disburden

EnglishEdit

EtymologyEdit

dis- +‎ burden

PronunciationEdit

  • IPA(key): /dɪsˈbɜː(ɹ)dən/

VerbEdit

disburden (third-person singular simple present disburdens, present participle disburdening, simple past and past participle disburdened)

  1. (transitive) To rid of a burden; to free from a load carried; to unload.
    to disburden a pack animal
  2. (transitive) To free from a source of mental trouble.
    • 1863, George Eliot, Romola, Volume I, Book I, Chapter XVII, page 295
      Romola's heart swelled again, so that she was forced to break off. But the need she felt to disburden her mind to Tito urged her to repress the rising anguish.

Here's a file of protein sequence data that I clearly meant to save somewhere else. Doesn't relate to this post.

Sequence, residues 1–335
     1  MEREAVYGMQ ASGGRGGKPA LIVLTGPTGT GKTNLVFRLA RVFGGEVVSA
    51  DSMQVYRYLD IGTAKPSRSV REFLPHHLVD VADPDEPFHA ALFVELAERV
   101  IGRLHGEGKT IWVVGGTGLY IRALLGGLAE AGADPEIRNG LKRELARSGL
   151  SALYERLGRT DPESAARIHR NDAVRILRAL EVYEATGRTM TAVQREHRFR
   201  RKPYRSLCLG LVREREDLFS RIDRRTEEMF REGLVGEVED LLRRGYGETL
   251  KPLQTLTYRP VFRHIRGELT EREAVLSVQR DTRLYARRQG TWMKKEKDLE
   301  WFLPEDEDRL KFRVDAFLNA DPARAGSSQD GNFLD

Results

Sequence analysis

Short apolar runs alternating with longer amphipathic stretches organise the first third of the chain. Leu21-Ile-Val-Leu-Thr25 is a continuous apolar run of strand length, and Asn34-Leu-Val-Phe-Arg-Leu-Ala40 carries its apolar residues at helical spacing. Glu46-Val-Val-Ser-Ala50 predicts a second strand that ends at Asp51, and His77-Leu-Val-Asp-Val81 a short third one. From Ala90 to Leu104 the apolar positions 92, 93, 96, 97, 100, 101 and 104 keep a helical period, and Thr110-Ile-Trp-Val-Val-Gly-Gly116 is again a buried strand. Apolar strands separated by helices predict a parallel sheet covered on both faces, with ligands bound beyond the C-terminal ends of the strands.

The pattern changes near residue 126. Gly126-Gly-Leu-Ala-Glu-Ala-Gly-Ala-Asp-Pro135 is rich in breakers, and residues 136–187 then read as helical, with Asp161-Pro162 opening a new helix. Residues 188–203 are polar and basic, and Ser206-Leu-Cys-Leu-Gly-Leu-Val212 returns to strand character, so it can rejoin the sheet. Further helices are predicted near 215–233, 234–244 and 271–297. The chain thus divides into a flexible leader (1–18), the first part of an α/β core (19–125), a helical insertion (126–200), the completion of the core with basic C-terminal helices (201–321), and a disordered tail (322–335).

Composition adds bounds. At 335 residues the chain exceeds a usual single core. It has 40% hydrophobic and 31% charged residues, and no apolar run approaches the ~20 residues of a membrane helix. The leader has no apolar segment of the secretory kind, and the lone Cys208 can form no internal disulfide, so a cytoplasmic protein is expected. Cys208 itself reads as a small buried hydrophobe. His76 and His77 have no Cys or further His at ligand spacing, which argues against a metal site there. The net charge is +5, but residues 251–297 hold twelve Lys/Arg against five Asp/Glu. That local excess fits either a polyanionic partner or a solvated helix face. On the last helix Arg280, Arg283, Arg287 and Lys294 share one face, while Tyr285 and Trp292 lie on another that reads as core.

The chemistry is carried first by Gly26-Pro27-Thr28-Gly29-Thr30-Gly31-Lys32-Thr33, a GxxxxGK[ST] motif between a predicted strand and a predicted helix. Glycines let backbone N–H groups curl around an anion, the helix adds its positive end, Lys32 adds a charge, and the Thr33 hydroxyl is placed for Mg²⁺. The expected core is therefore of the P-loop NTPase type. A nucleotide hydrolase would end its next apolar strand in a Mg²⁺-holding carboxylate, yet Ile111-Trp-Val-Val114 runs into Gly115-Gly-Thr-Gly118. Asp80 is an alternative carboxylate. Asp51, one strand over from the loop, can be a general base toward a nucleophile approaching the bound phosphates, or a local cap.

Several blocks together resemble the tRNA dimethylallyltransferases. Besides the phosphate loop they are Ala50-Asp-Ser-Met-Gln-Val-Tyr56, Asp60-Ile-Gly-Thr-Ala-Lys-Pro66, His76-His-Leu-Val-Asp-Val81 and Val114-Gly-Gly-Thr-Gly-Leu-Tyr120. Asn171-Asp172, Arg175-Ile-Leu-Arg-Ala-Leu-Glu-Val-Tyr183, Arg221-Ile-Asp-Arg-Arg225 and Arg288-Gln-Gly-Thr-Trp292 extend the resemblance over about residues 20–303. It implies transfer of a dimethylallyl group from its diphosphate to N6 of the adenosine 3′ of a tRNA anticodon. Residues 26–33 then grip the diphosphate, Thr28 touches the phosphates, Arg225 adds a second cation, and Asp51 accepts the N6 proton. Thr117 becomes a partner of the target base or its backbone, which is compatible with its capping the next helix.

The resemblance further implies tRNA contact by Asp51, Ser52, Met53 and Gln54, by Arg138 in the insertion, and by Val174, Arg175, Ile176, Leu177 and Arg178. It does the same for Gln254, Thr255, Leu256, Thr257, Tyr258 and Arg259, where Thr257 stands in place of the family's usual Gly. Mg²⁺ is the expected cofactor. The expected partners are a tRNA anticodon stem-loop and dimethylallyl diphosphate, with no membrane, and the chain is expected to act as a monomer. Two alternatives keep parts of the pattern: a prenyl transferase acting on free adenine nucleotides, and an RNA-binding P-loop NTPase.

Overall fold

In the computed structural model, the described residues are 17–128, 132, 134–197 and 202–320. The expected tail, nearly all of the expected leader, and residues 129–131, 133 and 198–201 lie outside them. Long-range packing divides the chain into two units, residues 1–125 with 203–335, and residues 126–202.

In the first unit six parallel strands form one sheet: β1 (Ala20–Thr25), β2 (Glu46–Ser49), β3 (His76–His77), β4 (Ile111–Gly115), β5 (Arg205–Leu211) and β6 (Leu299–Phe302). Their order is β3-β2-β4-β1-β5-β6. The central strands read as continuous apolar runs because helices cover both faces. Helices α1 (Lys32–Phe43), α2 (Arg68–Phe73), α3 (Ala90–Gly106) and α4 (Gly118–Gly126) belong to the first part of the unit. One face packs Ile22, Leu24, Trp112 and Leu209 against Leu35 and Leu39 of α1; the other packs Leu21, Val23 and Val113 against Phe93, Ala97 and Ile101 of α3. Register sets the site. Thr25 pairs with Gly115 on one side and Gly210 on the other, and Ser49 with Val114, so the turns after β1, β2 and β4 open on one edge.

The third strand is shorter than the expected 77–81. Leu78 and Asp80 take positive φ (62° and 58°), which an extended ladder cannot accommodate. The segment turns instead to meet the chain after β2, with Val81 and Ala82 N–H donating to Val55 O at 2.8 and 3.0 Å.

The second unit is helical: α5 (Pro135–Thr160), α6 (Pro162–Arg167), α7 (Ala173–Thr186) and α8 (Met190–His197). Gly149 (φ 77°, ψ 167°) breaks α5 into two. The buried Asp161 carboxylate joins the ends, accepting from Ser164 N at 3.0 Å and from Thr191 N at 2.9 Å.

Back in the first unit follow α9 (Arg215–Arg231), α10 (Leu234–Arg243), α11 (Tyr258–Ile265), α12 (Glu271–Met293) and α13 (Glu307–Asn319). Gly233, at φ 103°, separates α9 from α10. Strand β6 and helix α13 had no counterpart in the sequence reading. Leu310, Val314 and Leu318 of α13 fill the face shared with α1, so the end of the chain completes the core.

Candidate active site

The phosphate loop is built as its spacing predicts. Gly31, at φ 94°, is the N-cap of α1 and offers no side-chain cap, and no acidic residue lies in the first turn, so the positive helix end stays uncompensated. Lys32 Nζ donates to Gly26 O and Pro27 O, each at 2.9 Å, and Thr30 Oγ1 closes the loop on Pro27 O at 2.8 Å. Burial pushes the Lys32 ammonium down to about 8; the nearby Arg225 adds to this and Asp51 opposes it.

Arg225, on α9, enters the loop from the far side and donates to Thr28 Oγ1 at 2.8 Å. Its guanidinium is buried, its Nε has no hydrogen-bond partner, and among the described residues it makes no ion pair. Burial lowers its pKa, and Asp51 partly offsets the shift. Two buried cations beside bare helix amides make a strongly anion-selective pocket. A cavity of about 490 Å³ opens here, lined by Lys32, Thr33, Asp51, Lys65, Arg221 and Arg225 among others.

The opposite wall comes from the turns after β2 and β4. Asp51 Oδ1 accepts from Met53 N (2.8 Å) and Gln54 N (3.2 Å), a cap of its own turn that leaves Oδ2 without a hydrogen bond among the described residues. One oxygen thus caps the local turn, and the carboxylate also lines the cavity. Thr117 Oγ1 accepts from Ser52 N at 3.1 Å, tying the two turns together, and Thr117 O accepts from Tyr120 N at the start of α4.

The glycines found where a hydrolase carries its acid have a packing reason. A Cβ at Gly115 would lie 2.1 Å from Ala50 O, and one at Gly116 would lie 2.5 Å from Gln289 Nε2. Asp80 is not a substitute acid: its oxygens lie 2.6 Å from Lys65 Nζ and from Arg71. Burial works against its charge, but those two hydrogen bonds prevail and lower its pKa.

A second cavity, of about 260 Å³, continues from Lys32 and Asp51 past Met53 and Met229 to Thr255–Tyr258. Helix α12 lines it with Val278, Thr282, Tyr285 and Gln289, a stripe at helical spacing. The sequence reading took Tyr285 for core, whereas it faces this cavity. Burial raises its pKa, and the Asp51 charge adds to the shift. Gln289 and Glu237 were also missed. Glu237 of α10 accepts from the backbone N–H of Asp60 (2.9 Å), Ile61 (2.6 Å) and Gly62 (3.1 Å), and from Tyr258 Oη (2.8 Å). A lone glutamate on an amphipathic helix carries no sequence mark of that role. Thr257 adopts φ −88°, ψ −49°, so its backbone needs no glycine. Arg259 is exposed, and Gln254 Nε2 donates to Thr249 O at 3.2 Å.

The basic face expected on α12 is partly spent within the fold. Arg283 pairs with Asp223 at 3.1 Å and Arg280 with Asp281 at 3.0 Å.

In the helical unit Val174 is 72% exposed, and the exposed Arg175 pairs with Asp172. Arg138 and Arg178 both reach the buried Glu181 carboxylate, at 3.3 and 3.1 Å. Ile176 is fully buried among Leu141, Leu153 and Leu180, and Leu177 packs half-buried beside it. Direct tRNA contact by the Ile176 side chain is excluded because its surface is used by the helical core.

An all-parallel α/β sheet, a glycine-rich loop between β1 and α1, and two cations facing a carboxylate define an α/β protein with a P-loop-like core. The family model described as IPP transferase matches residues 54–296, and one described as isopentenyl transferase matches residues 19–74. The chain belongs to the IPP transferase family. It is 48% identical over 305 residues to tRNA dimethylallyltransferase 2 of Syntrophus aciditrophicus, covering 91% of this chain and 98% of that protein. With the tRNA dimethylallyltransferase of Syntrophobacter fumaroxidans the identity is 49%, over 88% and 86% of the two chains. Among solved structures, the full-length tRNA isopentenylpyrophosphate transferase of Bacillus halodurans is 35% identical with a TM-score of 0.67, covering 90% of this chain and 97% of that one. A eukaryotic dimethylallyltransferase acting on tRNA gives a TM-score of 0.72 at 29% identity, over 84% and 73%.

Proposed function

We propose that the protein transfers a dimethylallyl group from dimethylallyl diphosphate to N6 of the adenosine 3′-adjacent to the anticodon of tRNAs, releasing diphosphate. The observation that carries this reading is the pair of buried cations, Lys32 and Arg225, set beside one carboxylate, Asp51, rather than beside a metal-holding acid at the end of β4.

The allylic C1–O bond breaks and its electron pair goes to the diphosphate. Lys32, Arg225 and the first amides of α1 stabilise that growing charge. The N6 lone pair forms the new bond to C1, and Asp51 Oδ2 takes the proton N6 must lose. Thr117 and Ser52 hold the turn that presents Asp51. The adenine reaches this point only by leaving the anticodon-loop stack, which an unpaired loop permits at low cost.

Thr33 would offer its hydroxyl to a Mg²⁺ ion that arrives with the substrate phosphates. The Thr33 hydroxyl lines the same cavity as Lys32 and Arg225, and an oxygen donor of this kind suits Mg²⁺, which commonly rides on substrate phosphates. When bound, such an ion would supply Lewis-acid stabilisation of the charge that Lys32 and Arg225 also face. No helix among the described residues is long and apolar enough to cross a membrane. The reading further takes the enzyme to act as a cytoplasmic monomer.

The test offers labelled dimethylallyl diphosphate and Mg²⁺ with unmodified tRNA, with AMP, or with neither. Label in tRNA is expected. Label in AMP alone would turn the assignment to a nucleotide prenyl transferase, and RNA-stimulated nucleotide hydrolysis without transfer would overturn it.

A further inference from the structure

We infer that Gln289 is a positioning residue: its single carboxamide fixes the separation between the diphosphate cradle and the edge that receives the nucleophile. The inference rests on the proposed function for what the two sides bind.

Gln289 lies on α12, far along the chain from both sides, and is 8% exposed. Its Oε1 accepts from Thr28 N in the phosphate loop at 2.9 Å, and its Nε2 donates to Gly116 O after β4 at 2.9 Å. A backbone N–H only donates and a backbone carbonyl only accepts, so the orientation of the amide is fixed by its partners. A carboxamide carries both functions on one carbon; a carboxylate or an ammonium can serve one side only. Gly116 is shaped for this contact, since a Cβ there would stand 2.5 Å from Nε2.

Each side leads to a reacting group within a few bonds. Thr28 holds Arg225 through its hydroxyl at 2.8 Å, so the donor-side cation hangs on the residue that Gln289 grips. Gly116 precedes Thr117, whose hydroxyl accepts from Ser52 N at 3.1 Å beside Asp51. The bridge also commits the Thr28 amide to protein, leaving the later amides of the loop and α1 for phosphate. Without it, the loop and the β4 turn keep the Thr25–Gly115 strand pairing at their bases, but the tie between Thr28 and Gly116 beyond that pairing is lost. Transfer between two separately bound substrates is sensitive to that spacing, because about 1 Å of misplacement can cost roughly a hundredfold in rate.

• 1677, Owen Feltham, Of Improving by Good Examples
      He did it to disburden a conscience.
    • 1650, Henry Hammond, Of the reasonableness of Christian religion
      My meditations [] will, I hope, be more [] calm, being thus disburdened.

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